In southern France, failure to control Culex pipiens L. with Bacillus sphaericus Neide toxin (Bs) was first detected in 1994, at the extreme east of the Languedoc-Roussillon coast. This failure was due to a single recessive mutant, sp-1R. Two complementary strategies were used to test whether sp-1R had invaded the Bs-controlled area by 1998. First, a strain (BP) was selected from resistant larvae sampled in the western part of the Bs-controlled area. In BP strain, resistance involved a single recessive gene, sp-2R, distinct from sp-1R, that conferred a similarly high resistance in the homozygous state (≈6,000-fold). Combining one copy of sp-1R and one of sp-2R conferred a > 100-fold resistance. Second, Bs-resistance was monitored among the offspring of field females crossed to sp-1RR homozygous males. Females were sampled in 20 localities of southern France and three localities of the Llobregat delta (Barcelona, Spain) where C. pipiens control is also intensive. The 537 females in the study produced enough larvae to infer their genotype: 462 progenies were susceptible and the survival rate of 51 others was explained by the presence of sp-1R and/or sp-2R. The remaining 24 cases indicated that other factors could confer resistance when combined with sp-1R. The current data showed that, even when recessive, resistant mutants can rapidly increase in frequency, providing some interactions that protect them from disappearance. We discuss the consequences of this finding on the current strategies aimed to avoid or delay resistance in the pests controlled with B. sphaericus or B. thuringiensis Berliner toxins.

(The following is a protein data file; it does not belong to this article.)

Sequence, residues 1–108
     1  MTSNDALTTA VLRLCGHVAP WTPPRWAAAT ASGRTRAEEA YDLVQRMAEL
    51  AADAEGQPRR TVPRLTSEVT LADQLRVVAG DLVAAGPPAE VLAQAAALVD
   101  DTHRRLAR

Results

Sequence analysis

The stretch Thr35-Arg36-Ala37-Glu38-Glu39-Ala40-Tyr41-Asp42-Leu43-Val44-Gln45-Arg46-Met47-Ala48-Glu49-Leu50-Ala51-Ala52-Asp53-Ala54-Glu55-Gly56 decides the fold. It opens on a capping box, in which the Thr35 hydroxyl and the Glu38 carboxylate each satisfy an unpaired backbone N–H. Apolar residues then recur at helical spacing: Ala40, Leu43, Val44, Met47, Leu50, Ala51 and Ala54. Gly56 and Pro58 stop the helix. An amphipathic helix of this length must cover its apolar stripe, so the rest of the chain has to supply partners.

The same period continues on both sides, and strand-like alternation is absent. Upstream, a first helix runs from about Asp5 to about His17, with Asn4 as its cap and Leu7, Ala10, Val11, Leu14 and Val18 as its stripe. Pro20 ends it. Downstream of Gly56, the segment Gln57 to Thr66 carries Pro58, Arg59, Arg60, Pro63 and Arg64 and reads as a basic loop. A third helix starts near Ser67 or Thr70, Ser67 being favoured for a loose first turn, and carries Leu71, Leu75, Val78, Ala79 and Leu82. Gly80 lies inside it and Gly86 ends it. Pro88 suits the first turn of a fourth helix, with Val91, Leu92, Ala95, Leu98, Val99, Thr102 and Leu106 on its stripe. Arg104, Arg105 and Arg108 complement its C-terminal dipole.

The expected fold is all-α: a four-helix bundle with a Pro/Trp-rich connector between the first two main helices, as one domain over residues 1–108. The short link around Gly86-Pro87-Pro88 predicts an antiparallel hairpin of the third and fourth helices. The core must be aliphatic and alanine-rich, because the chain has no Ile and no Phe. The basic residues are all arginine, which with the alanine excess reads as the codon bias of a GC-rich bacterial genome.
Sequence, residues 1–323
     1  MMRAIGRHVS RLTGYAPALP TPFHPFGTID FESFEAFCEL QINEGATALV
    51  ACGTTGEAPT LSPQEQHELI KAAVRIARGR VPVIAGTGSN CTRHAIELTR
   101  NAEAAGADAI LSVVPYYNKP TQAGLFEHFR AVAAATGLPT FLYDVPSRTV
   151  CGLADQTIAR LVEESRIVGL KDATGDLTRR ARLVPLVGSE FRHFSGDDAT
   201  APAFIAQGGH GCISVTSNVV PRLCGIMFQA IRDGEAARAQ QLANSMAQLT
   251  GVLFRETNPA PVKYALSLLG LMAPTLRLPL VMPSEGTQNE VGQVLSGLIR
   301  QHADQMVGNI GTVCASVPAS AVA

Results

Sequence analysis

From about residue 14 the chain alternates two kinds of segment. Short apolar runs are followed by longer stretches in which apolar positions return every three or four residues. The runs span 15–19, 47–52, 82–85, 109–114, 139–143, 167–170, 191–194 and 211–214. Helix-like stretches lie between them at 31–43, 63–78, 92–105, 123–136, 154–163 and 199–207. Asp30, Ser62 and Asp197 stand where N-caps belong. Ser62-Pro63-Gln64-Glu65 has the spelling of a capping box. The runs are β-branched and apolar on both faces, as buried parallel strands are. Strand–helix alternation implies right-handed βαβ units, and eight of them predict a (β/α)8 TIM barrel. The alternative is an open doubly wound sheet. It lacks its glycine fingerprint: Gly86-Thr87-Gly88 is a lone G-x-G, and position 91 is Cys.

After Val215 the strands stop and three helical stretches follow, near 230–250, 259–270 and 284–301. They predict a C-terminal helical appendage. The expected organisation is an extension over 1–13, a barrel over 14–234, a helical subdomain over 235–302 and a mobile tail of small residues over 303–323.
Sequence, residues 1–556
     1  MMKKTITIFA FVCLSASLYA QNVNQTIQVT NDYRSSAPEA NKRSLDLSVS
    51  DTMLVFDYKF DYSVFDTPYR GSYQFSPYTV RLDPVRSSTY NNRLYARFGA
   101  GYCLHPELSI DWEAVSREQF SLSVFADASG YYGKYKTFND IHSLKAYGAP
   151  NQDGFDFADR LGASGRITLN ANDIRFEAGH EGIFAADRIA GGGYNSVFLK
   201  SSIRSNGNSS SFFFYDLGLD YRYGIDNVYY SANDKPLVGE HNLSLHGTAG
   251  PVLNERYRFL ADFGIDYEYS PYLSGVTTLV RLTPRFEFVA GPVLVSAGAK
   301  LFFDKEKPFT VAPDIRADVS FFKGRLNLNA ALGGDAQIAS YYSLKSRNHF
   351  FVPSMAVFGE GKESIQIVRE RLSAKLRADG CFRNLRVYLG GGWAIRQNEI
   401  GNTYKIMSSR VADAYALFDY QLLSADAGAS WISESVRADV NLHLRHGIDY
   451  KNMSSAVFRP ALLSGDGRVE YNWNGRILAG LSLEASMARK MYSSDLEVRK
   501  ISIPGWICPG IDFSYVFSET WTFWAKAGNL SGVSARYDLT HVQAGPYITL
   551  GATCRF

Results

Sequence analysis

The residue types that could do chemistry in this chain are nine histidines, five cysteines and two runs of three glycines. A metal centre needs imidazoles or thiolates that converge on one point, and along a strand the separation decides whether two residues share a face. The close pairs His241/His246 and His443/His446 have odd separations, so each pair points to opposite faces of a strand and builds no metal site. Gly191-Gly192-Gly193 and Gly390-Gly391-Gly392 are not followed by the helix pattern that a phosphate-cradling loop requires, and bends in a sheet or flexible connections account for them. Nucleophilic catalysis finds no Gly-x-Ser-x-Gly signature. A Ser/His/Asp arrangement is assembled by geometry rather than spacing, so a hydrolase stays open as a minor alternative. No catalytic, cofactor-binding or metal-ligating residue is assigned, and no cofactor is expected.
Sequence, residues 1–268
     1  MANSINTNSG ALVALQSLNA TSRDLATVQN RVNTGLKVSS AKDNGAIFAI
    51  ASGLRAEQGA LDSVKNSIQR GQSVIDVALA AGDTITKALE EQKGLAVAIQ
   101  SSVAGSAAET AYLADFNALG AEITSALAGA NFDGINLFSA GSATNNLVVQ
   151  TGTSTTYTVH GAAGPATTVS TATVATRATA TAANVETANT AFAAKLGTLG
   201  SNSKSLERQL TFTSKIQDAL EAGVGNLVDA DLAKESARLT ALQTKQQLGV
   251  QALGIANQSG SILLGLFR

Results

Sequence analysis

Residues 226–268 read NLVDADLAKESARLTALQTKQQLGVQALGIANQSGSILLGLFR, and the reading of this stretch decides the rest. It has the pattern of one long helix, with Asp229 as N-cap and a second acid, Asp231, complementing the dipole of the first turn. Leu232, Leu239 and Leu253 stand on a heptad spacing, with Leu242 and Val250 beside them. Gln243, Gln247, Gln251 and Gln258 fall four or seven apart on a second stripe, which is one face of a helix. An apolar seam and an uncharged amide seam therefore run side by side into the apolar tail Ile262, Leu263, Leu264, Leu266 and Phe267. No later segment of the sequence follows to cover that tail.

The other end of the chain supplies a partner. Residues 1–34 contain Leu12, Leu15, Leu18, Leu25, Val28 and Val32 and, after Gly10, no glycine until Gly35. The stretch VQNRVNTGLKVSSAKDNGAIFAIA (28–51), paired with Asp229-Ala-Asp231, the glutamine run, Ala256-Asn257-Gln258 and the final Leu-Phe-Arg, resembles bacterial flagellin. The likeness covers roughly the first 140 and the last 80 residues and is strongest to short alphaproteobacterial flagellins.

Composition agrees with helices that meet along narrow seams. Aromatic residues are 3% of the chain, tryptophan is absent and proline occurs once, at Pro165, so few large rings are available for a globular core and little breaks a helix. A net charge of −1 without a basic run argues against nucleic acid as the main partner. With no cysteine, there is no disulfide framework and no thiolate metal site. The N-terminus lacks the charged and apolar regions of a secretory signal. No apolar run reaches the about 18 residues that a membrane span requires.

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Vol. 38 • No. 5